Me: Me too, Ants. I love you so much!

Anthony: And the whole of Heaven heaves for you too, Jules.

Me: Bleah!

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Photo taken before Ants got really sick – maybe 2007?

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Thank you, Mother, for this wonderful poem

THE GIFT OF GRIEF.
She scoops it up
Cupped in her hands
And lifted high
Like incense.
It spirals gently up and up.
Her nostrils flare
The smell of driftwood.
Held heavy in her palms
But light as air.
His face appears
And disappears
Like fire flame images
To warm her heart.
He’s here
And There
Forever.
This is Gift.

With love from Mother in August 2018.

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Imagined conversation 59

Me: Sorry I called you an old man the other day, Ants.

Anthony: Perfectly understandable, Jules.

Me: Bev is back!

Anthony: You have it the wrong way around, Jules. Bev never disappeared; you did.

Me: Did I?

Anthony: It is my fault. You abandoned friendships, and even Ming, in lieu of caring for me.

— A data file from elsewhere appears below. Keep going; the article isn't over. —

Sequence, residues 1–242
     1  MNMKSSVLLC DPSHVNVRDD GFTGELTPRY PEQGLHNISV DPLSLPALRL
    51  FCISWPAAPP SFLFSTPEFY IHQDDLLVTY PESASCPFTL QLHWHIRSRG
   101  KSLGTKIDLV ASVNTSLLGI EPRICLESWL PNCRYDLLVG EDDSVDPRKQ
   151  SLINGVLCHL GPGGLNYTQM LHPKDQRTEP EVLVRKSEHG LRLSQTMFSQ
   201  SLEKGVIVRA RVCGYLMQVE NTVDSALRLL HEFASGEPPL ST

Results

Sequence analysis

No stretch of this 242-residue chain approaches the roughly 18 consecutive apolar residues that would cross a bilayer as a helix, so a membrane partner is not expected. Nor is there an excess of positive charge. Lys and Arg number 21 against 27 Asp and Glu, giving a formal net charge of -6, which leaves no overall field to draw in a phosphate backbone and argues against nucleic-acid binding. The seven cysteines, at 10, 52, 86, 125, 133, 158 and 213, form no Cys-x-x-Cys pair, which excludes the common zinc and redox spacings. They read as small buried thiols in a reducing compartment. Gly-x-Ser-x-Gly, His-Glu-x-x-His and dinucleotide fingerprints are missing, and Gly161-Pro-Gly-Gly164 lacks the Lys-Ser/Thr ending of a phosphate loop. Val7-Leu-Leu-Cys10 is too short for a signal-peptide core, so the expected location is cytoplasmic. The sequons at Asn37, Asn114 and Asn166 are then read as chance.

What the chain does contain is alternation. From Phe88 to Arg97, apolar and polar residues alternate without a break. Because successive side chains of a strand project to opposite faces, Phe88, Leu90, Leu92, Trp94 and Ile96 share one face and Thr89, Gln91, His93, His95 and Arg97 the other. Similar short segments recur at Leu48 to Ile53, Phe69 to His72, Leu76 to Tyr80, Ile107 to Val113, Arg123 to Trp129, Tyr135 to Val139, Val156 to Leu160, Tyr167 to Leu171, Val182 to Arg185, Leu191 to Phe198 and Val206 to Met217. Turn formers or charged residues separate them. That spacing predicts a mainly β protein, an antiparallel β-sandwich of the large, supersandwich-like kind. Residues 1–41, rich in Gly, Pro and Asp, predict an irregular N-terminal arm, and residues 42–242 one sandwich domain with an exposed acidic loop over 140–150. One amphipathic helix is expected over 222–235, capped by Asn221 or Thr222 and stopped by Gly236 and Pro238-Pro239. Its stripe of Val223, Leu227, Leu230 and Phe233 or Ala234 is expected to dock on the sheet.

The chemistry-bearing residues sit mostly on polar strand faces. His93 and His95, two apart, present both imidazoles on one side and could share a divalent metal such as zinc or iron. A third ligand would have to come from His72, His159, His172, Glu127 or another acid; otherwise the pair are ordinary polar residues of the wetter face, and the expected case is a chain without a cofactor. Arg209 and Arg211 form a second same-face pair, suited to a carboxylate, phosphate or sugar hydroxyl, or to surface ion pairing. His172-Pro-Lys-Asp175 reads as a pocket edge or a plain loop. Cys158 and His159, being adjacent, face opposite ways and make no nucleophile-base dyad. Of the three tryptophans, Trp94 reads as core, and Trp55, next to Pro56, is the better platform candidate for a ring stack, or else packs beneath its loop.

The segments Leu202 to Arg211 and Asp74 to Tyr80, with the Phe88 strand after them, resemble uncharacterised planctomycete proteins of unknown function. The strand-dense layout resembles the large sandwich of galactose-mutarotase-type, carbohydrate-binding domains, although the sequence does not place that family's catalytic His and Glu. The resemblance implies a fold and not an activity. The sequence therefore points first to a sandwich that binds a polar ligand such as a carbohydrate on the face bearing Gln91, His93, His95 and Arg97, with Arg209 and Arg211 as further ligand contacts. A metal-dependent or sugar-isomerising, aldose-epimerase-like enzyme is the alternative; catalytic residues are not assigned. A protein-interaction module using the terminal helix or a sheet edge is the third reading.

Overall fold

Me: Did I?

Anthony: You are still doing it Jules. Ask Ming.

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Imagined conversation 57

Anthony: I know.

Me: I really hoped that August might not affect me, but it has.

Anthony: Nearly a year since I last saw you.

Me: Those last 24 hours of your life haunt me now because I worry, all over again, about whether you were suffering. Eight hours in the hospital on a trolley, waiting for I am not sure what now! You were barely conscious and I was probably nearly fracturing your hand by holding it for so long.

Anthony: I remember.

Me: My worst memory is, having asked you if you were okay over and over again, you shook your head, no. That is when I began to realise things were bad because for so many years of me asking if you were okay, you would always say. Fit as a fiddle. And it wasn’t my decision to ambulance you to hospital, Ants; it was taken out of my hands. I am so sorry!